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Lindsey Sanford is the Global Employer Brand Program Manager at Palo Alto Networks. She lives in Reno, Nevada, and has been a Girl Scout Troop leader for two years. Her Girl Scouts have earned all three Daisy cybersecurity badges, and are pursuing badges in engineering and programming.
In the mid-60s to late 70s, 4,807 elementary school students were asked to draw a scientist. Of the 4,807 drawings created by these children, 28 pictured women. Not 28%, just 28.
Less than 1% (0.6%) of the 4,807 kids drew scientists as women.
Two years ago, an article mentioning that study came across my desk as I was frantically searching for an activity to do at an upcoming Girl Scout meeting. And it honestly stunned me. I have a seven-year-old daughter whose aspirations change from lifeguard to dancer to singer to scientist to engineer to ballerina — and that’s just in one day. Her passion for her life and the optimism she has about the choices available to her have led me to believe that maybe this study isn’t so true any longer.
I put it to the test, obviously in an environment that wasn’t “official.” I asked my troop of 18 girls to draw a scientist. I gave them no other parameters, just the simple direction: draw a scientist.
All but one of the girls in my troop drew a woman.
The study has been repeated multiple times throughout the years. After all, the 70s were quite some time ago, and a lot has changed — women’s rights have evolved. More women than ever before are going to school, going back to school, and getting into new career fields. Since the first study, over 20,000 children’s drawings have been analyzed, and from the 1980s on, the percentage of scientists drawn as women has increased to 28%.
But there’s still a problem.
As girls grow up, the percentage drawing scientists as women declines. When kids are younger than 10, the percentage drawing a woman as a scientist can be as high as 70%. But after the age of ten, 75% are drawing men.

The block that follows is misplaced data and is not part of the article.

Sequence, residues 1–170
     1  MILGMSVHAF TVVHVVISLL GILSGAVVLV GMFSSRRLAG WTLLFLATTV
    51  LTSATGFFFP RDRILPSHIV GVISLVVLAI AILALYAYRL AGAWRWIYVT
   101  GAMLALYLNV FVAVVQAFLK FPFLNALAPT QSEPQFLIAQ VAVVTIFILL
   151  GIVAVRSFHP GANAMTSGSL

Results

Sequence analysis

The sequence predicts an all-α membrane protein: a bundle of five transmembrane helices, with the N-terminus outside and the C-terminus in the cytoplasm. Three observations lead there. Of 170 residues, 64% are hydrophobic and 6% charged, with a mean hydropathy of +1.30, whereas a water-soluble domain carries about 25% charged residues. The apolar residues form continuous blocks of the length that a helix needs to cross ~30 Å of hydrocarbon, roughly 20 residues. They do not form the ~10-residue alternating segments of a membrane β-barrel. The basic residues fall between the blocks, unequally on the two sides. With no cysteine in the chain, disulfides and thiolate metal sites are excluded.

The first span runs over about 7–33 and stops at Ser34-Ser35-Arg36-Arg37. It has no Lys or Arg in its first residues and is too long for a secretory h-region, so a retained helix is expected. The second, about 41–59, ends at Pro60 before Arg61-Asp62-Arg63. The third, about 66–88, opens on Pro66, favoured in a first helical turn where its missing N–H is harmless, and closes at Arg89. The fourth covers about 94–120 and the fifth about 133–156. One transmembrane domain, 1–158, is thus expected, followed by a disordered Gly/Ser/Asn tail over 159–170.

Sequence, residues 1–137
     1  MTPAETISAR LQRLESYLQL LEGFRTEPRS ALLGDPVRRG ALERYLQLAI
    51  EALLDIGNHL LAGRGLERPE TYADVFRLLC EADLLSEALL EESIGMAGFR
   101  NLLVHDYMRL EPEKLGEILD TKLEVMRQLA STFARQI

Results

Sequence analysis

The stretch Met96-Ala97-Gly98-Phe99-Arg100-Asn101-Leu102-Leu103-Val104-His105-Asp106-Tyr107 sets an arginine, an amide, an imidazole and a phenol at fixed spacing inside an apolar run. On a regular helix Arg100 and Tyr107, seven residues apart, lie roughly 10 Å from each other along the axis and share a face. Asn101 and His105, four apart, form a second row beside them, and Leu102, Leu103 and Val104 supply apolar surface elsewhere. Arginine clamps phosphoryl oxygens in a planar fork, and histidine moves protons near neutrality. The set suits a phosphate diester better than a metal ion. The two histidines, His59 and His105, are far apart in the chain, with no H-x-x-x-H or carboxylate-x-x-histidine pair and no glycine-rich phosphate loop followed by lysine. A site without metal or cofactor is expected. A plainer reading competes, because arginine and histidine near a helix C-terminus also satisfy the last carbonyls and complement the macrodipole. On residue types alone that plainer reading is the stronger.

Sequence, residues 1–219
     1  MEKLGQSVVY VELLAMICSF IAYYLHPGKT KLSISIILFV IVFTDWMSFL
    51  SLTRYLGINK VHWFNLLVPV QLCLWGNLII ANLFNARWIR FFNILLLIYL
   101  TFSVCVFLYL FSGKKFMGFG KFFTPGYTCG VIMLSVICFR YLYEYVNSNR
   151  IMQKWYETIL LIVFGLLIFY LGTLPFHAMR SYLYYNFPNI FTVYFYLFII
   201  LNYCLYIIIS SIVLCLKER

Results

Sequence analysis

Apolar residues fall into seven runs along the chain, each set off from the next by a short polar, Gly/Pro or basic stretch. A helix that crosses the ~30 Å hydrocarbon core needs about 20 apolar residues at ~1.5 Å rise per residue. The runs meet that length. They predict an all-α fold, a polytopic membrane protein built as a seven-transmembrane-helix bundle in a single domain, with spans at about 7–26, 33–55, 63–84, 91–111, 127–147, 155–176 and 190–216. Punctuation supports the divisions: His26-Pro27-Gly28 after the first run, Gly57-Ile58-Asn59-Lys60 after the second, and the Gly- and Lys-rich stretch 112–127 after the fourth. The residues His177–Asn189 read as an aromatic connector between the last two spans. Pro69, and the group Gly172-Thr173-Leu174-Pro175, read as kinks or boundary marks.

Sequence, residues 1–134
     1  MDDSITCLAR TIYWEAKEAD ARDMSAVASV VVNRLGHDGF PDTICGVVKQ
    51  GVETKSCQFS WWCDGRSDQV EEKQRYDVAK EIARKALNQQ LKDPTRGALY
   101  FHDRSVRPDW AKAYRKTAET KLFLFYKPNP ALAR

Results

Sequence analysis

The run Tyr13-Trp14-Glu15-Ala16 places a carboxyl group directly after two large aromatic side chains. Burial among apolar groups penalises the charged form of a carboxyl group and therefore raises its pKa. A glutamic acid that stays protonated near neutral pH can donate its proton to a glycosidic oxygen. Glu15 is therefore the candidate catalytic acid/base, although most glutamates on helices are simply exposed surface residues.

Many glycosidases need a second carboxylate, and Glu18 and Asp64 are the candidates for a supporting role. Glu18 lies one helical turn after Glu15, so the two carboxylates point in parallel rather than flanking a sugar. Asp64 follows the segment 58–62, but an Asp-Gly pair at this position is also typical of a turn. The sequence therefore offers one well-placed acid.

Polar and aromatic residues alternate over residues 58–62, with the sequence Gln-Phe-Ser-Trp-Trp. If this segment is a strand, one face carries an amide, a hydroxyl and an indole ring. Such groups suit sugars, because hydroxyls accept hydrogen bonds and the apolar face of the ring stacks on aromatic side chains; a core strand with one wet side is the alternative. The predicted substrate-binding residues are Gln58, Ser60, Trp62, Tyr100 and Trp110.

As girls mature, they are receiving messages somewhere that are making their assumptions, their possibilities, change. And while there is so much progress, there is still work left to do.
That’s where organizations like Girl Scouts of the USA come in. Girl Scouts’ leadership continuously identifies new curriculums to share with girls throughout the course of their involvement with the organization — introducing them to new sciences and new career paths.
One curriculum that is especially close to my heart is cybersecurity. In July 2018, the Girl Scouts, in partnership with Palo Alto Networks, created a series of badges to introduce young girls in grades K-5 to cybersecurity. Nine badges were created to progress girls through curriculums designed to introduce cybersecurity concepts, helping them grasp a complex industry.
Last week, Palo Alto Networks and the Girl Scouts announced another nine badges for girls in grades 6-12, crucial years of self-discovery for young women. These badges will take girls through the workings of computer technology, providing them with the understanding of safety and protection in the digital age. They’ll get a taste of real-world hacking, providing a glimpse into the world those in the cybersecurity industry face each day.
While this is just one of the new ways we continue to find to reinvigorate young women’s opportunities in the world of science, it’s one that I take great pleasure in pursuing.